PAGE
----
Audiovisual Live Performance

3 Video Art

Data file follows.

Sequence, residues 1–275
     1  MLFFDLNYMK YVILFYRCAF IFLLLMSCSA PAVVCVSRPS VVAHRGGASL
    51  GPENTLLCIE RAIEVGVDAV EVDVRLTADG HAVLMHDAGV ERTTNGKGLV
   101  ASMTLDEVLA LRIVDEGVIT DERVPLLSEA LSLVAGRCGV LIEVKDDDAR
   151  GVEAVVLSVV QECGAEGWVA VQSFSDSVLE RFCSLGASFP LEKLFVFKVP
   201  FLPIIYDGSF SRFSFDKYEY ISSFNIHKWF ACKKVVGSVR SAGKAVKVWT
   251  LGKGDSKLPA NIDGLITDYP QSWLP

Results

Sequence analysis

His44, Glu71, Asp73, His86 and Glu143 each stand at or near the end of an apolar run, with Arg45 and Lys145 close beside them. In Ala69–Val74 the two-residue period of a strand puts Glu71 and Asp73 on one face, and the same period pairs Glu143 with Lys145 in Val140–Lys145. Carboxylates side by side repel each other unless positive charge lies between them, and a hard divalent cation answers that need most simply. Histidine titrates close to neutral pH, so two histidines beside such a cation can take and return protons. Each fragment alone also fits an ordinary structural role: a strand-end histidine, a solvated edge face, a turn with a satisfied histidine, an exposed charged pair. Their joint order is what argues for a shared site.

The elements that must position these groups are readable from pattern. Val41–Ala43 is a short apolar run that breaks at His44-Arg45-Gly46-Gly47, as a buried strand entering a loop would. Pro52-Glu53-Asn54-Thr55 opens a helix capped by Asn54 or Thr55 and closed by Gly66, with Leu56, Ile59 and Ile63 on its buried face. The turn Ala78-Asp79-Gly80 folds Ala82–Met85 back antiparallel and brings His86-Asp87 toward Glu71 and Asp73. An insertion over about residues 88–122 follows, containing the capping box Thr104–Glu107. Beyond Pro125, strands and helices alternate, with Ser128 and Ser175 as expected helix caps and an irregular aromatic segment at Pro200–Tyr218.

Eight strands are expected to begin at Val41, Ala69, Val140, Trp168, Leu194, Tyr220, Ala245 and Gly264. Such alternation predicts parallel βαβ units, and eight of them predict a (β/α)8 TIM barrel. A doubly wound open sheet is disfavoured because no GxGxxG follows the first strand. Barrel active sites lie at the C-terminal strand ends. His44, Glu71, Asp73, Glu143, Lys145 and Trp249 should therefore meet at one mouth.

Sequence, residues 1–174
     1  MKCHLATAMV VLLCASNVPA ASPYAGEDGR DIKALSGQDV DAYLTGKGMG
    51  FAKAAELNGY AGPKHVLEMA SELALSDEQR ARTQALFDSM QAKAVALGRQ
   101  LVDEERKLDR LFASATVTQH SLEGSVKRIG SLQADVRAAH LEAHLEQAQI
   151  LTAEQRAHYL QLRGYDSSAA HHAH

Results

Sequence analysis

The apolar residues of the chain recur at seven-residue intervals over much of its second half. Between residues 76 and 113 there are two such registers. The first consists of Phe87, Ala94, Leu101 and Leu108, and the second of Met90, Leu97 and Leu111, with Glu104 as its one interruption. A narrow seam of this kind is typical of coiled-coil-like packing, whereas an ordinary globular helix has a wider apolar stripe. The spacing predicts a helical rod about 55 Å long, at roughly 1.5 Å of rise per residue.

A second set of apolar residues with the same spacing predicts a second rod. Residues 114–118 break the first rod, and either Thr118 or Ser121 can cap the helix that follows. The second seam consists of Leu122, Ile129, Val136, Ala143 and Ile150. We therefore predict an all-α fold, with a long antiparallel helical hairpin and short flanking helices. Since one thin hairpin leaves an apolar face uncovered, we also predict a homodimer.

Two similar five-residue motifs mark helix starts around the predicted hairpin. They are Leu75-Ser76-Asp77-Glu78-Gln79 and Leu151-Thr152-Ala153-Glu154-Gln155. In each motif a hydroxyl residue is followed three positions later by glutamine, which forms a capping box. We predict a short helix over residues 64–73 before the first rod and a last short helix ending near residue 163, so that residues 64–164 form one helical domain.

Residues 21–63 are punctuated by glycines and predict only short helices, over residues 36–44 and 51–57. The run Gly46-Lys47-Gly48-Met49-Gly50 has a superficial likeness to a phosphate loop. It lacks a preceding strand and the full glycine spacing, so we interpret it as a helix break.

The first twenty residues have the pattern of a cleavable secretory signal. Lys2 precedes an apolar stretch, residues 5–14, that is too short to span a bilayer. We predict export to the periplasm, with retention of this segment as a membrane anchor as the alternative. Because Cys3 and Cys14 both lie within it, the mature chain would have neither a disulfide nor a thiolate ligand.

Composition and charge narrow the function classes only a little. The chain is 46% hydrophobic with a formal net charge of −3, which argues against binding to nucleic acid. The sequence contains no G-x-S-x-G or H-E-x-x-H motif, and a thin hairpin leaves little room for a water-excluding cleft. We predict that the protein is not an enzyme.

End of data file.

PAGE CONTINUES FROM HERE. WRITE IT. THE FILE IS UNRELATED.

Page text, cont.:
By the early 1970s, the availability of portable video equipment had given rise to video art. Meanwhile, analog synthesizers were becoming popular in music performance and recording. Video artists like Nam June Paik and Woody and Steina Vasulka were already exploring distortions of video signals through such means as holding magnets near the screen and creatively manipulating vertical and horizontal hold settings on television sets. A few video artists, including Paik (with Shuya Abe), began building analog video synthesizers, which were basically video equivalents of audio synthesizers, allowing one signal to be used to control another signal in real time. Video synthesizers were often used to alter live camera or videotaped sources, but could also be used in self-contained setups to generate abstract visuals. Analog, and later digital, video synthesizers were used by artists in studio production and occasionally were used in live performance situations. Stephen Beck’s Illuminated Music for example, was performed in auditoriums throughout the United States in the early 1970s.[2] However, the size and expense of analog video synthesizers prevented them from being widely adopted as performance tools.